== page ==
Growth Trends for Related Jobs
Developmental interventionists, or early interventionists, work primarily with infants and toddlers from birth to age three to address developmental delays. Developmental delays include physical delays, cognitive delays, self-help delays, social delays and emotional delays. Developmental interventionists are essentially special education teachers who have specialized education and training in teaching young children.
All special education teachers must complete a teacher education program. Coursework topics typically include child development, curriculum development, behavior management, teaching strategies, educational psychology, child psychology, special education laws and student assessment. Some special education programs may be general in nature, preparing teachers to work with special education students of varying ages and with varying disabilities, while other programs may be more specialized. If you know for certain that you want to work with young children, consider choosing an early childhood program rather than a general special education program.
Testing and Internships
Most states require teachers to pass teacher exams, such as the Praxis Series tests which are offered by the Educational Testing Service. Special education teachers may need to pass both a general knowledge test and a special education test. Typically, special education teachers must complete an internship before becoming a fully licensed special education teacher.
Developmental interventionists who work in a public school setting must have a teaching license issued by their state. Licensing requirements vary by state, but typically include completing a teacher education program as part of a bachelor's degree, passing teacher exams and passing a background check. To renew your teacher's license every few years, you will typically need to complete graduate coursework and/or attend professional development seminars.
Special education teachers need certain personality traits, according to the U.S. Bureau of Labor Statistics. In addition to being knowledgeable about disabilities and teaching strategies, developmental interventionists also need to be patient, caring, creative, cooperative and have good communication skills. Not only will developmental interventionists need to be able to successfully work with children, they will also work with colleagues, assistants, administrators and parents.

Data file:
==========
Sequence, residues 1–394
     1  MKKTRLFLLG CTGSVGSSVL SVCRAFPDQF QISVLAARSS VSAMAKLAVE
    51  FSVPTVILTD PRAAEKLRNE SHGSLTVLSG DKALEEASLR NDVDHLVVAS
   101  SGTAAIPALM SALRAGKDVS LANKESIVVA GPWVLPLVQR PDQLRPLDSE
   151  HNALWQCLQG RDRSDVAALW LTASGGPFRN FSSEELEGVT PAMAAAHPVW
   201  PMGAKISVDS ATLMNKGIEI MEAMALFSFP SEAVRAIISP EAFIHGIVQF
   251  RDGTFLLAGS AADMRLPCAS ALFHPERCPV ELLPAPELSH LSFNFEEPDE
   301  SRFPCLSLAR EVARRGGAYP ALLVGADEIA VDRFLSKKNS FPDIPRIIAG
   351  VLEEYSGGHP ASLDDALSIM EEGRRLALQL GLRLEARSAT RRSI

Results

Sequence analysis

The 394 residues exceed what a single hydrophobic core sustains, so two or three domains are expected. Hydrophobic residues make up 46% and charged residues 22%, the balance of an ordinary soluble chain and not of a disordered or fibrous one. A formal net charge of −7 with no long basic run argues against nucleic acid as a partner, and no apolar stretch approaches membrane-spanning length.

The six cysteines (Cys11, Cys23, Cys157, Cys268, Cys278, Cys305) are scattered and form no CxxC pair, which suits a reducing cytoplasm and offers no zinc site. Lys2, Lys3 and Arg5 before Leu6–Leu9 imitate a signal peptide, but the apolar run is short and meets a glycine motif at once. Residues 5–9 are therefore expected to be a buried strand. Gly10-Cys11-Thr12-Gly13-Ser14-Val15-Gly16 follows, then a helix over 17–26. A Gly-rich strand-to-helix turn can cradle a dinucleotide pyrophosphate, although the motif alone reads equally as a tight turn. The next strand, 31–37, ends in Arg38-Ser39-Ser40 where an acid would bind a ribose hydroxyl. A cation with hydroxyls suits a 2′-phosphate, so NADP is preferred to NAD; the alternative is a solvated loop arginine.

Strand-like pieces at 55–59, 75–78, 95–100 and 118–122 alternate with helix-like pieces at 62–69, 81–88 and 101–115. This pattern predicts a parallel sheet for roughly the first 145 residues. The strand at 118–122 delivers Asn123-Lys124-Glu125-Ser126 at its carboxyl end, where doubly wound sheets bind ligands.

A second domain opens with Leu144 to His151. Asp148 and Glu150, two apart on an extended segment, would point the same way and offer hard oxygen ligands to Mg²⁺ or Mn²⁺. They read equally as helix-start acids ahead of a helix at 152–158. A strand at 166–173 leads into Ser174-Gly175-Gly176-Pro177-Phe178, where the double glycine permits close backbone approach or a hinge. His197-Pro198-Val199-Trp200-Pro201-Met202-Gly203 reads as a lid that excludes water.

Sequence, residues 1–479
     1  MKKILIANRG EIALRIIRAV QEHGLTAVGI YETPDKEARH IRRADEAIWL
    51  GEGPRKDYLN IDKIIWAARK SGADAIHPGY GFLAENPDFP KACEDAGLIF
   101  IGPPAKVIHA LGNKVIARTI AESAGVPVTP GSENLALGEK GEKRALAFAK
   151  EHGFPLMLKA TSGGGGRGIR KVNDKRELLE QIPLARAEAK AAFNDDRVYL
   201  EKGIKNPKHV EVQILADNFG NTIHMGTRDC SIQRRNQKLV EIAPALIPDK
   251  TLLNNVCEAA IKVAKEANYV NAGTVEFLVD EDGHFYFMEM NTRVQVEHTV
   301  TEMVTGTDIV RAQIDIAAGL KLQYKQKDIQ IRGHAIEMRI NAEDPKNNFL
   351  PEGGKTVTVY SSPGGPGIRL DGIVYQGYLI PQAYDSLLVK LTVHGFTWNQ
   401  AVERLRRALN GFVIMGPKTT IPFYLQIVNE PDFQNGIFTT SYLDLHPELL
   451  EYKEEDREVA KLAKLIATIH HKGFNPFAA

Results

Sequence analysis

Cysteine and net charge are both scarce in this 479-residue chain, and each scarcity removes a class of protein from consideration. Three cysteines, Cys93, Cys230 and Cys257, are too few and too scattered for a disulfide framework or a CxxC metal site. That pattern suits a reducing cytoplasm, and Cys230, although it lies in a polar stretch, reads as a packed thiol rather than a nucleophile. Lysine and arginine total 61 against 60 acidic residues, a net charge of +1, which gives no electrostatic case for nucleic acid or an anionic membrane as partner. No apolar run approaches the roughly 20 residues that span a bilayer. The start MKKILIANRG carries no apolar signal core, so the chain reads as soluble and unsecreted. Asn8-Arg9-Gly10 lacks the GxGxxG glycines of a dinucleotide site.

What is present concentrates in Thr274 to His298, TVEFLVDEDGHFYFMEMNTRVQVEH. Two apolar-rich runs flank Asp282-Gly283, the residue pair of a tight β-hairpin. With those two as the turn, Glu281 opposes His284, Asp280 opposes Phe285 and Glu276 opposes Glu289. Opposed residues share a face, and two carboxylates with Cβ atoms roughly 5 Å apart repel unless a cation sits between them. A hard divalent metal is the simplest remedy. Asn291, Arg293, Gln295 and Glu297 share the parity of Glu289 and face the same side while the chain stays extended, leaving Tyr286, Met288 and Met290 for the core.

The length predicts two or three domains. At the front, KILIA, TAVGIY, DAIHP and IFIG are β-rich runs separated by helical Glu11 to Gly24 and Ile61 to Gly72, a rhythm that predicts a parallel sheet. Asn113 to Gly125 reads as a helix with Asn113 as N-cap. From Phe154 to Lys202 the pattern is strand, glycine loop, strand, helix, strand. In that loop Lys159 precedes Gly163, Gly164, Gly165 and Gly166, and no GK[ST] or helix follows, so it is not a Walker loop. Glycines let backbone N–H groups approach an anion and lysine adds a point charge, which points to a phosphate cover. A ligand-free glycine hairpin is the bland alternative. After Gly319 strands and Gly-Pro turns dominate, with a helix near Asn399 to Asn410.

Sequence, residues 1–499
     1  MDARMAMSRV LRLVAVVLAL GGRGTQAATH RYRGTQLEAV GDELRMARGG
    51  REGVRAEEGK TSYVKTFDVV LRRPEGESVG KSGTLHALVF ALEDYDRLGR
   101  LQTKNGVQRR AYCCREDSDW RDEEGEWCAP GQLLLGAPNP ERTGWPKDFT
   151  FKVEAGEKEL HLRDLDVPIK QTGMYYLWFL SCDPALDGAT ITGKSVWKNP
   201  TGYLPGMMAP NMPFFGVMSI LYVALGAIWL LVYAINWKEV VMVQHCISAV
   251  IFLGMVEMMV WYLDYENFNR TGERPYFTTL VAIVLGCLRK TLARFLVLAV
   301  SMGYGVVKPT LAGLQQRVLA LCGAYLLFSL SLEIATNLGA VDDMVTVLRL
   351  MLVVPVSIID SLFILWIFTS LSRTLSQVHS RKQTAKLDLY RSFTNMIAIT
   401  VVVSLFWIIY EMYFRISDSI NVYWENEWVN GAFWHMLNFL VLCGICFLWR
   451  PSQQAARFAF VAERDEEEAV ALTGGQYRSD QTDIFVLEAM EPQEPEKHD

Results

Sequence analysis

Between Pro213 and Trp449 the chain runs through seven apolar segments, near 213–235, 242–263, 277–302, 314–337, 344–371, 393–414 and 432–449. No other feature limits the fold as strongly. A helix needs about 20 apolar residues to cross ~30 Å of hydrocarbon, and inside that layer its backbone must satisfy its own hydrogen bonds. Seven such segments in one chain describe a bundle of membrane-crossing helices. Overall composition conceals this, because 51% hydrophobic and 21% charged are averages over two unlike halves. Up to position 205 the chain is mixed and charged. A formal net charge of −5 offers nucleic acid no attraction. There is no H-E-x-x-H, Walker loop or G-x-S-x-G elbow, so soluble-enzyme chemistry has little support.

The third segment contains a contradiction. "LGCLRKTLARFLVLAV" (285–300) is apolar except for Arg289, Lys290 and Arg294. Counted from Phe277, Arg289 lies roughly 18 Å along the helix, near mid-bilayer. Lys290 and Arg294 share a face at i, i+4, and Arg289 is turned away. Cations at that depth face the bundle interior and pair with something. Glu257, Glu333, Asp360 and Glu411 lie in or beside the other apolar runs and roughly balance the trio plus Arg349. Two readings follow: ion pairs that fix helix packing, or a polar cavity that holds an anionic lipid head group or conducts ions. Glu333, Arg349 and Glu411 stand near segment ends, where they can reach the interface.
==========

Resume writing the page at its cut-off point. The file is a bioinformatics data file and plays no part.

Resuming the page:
2016 Salary Information for Special Education Teachers
Special education teachers earned a median annual salary of $57,840 in 2016, according to the U.S. Bureau of Labor Statistics. On the low end, special education teachers earned a 25th percentile salary of $46,080, meaning 75 percent earned more than this amount. The 75th percentile salary is $73,740, meaning 25 percent earn more. In 2016, 439,300 people were employed in the U.S. as special education teachers.
- U.S. Bureau of Labor Statistics: Special Education Teachers
- National Dissemination Center for Children with Disabilities: Overview of Early Intervention
- Council for Exceptional Education: Special Education Job Profiles
- U.S. Bureau of Labor Statistics: Occupational Outlook Handbook: Special Education Teachers
- Career Trend: Special Education Teachers
Based in Laurel, Miss., Melody Morgan Hughes covers topics related to education, money and health. She has a Bachelor of Arts in English education from the University of Southern Mississippi, a Master of Education from William Carey University and a Master of Education from Nova Southeastern University.